Discover more from innocence itself is no protection
imaginary teen girls 1: trans desistance, tummy holes, and Arkansas
The bills passing this week in Arkansas, Alabama and elsewhere have a direct relationship to the figure of the innocent teen girl created by anti-trans journalists over the last few years.
Lots happened this week. Derek Chauvin is on trial for the murder of George Floyd, in which the prosecution is showing the nine-minute video of him kneeling on Floyd’s neck while an EMT begs him to check Floyd’s pulse. The defense argues that George Floyd, the murder victim, might have done drugs at some point. No matter whether or not Chauvin is found guilty or sentenced to serve time in prison, the lack of closure and renewed threats to safety his trial brings up for people harmed by police officers wielding their power with impunity to hurt Black americans and other marginalized people promises to be catastrophic (use of force and human rights abuses skyrocketed in Rikers Island in New York during the pandemic). These trials always turn on whether the victim ever did anything to deserve state violence and assume that the Black victim, rather than the armed white perpetrator, is guilty; they are a farce of a judicial system which barely pretends not to endorse white supremacy and genocide policy. This trial and its results, whether they let a cop free after a horrific murder or condemn him to prison alongside hundreds of thousands of people denied freedom, will not see the end of the fight against racism in the U.S. or end the Defund movement.
Meanwhile, the legislature of Arkansas passed not one but three bills into law that, respectively, protect medical providers who refuse any type of health care to LGBT people,bar trans girls from being on girls’ sports teams, and ban healthcare providers from offering transition-related healthcare such as puberty blockers and hormones to teenagers.
While the latter bill has not yet been signed into law (though the Governor, Asa Hutchinson, is unlikely to veto), its passage through the legislature has resulted in a sudden, fixated concern about Arkansas on the part of many trans people around the U.S and their friends. Trans care is already inaccessible and expensive for young people, and teens can be prevented from accessing it by their remoteness from healthcare providers or lack of parental consent. An official legal blockade closes options further; teens who want hormone therapy or puberty blockers must travel to other states; doctors who try to refer patients elsewhere are potentially subject to legal action. Chase Strangio, a lawyer who is among the most outspoken about the legal threats to transgender bodily autonomy, has been publishing updates on the status of other bills and encouraging people to donate to nonprofits that support LGBT youth in Arkansas. Trans youth have spoken out against the bill and others like it.
In the wake of this bill, I encourage people to support organizations like Intransitive, which redistributes money to trans people in need in Arkansas. You can find more resources for transgender people in Arkansas here.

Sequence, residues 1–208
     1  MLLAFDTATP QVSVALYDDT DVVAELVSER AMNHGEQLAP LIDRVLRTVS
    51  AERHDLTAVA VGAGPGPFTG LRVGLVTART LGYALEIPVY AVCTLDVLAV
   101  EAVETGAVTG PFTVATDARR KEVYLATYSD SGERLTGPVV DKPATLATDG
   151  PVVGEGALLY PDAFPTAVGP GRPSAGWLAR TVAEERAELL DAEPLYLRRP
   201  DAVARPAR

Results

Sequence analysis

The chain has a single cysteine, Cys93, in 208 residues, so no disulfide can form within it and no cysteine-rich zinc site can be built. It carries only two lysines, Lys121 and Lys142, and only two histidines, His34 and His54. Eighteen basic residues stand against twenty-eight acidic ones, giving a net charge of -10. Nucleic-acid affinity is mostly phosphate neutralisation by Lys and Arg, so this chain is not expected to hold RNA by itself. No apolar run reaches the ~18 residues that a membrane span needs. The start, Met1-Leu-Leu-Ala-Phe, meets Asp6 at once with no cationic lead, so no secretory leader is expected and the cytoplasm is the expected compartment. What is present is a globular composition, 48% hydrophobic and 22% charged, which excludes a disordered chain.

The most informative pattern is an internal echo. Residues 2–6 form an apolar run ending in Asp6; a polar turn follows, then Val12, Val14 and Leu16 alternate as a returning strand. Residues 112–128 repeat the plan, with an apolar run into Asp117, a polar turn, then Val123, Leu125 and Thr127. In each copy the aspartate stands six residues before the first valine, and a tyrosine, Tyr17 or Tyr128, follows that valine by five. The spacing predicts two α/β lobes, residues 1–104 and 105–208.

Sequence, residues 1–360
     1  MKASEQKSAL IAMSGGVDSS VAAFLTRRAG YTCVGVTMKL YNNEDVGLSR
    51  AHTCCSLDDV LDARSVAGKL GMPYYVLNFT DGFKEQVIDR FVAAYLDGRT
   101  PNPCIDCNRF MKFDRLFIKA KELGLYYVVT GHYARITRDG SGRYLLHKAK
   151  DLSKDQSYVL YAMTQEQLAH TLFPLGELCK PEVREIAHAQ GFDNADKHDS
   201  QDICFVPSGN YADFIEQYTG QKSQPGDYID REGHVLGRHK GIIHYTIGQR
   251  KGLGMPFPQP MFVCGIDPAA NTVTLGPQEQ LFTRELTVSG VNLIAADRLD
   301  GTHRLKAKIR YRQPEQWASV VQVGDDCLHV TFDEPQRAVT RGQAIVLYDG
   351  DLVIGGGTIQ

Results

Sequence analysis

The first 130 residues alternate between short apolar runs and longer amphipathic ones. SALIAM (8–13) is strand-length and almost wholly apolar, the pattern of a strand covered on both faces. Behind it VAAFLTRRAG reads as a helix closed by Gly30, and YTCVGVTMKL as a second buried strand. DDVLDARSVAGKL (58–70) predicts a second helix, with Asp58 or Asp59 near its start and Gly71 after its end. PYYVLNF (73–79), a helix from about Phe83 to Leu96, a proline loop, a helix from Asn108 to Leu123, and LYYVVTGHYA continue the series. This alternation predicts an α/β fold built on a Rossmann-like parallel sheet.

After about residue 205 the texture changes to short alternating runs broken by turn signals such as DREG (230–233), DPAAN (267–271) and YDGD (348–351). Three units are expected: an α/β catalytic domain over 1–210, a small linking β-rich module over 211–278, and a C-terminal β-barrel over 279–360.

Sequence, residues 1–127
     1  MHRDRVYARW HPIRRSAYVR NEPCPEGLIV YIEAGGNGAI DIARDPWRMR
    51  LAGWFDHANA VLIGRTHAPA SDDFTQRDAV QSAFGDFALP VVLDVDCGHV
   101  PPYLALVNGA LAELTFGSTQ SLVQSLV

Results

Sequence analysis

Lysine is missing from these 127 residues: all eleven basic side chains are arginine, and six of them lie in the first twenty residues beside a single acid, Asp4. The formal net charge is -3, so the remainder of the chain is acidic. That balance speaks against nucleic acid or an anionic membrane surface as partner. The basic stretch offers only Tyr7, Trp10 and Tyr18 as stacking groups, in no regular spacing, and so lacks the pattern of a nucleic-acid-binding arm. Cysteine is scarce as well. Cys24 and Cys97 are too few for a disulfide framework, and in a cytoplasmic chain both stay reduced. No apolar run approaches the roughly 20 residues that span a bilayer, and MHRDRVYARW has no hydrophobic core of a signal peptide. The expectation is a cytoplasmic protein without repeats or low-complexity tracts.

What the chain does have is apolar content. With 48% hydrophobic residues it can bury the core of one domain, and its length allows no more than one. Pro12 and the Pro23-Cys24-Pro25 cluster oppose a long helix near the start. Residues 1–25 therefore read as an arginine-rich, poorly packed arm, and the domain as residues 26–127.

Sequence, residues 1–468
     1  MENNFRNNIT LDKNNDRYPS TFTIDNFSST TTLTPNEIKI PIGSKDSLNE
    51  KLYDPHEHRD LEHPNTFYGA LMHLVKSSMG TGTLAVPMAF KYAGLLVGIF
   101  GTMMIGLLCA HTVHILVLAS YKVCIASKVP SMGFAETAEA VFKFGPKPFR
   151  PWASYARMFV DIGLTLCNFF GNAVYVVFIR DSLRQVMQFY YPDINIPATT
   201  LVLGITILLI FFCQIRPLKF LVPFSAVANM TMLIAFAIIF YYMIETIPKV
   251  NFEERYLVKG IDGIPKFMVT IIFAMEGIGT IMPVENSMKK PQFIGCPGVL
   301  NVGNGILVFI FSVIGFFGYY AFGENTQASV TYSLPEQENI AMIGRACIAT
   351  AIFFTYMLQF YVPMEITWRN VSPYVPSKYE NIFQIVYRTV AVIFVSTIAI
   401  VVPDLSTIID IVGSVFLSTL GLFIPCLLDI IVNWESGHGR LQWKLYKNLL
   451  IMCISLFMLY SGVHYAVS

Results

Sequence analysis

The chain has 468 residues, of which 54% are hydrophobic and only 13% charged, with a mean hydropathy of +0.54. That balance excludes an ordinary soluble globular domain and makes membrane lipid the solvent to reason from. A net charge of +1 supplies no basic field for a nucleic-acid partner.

All of these bills, in my opinion, are written with both the goal of legislating visibly trans people out of existence (and out of safety) and with the objective of protecting an imaginary white innocent girlhood.
Notably silent on this and other bills across the country (in Alabama, Michigan, South Carolina…) is one Jesse Singal. To be precise, he condemned the bill in a post last year and then tweeted about it once after its passage to say it is bad. Which is interesting, since the Alabama bill he says is “bad” seems to paraphrase an article he published in 2018.
The bill, HB 1570, states:
“(3) For the small percentage of children who are gender
nonconforming or experience distress at identifying with their biological
sex, studies consistently demonstrate that the majority come to identify with
their biological sex in adolescence or adulthood, thereby rendering most
physiological interventions unnecessary.” (Section 2, paragraph 3).
If you’re not clear on exactly what I’m talking about with the Singal piece, let me congratulate you. When Singal’s article-- When Children Say They’re Trans-- appeared in The Atlantic was published in 2018, I managed to avoid it for all of two weeks before a cis person sent it to me with the caption “Read this and thought it was interesting. Thoughts?”
The article opens with a picture of an adult trans person, Mina Brewer, whose photograph was used without his permission. It opens with the decidedly creepy sentences “Claire is a 14-year-old girl with short auburn hair and a broad smile. She lives outside Philadelphia with her mother and father, both professional scientists.” Readers may be forgiven for assuming that Claire is the person shown on the cover. The start of the story, narrated by “Claire” and parents over an evening spent with Singal, describes how Claire believed she was trans, but then told her parents, and then was persuaded not to transition. The fact that, at 14, Claire has no ability to pursue transition without parental consent--was in fact unable to even articulate a new gender without significant, and at least temporarily successful, parental intervention to make sure Claire continued to live as a girl-- doesn’t dissuade Singal from using the rest of the article to whip up a frenzy about the possibly horrible consequences of affirming health care for trans children. Claire was misled, he opines; Claire was sucked in by that oh-so-seductive trans online ideology, which persuaded Claire that the discomfort she felt in her body and life was dysphoria. Thank goodness she was wrong, and is a girl (and parentally supervised in her interview with a journalist)! But other children may not be so lucky.